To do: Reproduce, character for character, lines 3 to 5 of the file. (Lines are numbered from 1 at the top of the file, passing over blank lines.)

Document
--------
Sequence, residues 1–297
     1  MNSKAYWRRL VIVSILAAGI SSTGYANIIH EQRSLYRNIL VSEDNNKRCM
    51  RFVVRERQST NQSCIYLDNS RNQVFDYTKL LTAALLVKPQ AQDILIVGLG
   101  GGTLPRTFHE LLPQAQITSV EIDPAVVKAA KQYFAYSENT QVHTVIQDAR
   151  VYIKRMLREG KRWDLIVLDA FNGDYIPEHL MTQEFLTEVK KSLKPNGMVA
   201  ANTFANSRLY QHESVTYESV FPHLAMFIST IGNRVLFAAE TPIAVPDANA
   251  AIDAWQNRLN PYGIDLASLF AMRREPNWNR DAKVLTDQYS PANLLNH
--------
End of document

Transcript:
    51  RFVVRERQST NQSCIYLDNS RNQVFDYTKL LTAALLVKPQ AQDILIVGLG
   101  GGTLPRTFHE LLPQAQITSV EIDPAVVKAA KQYFAYSENT QVHTVIQDAR
   151  VYIKRMLREG KRWDLIVLDA FNGDYIPEHL MTQEFLTEVK KSLKPNGMVA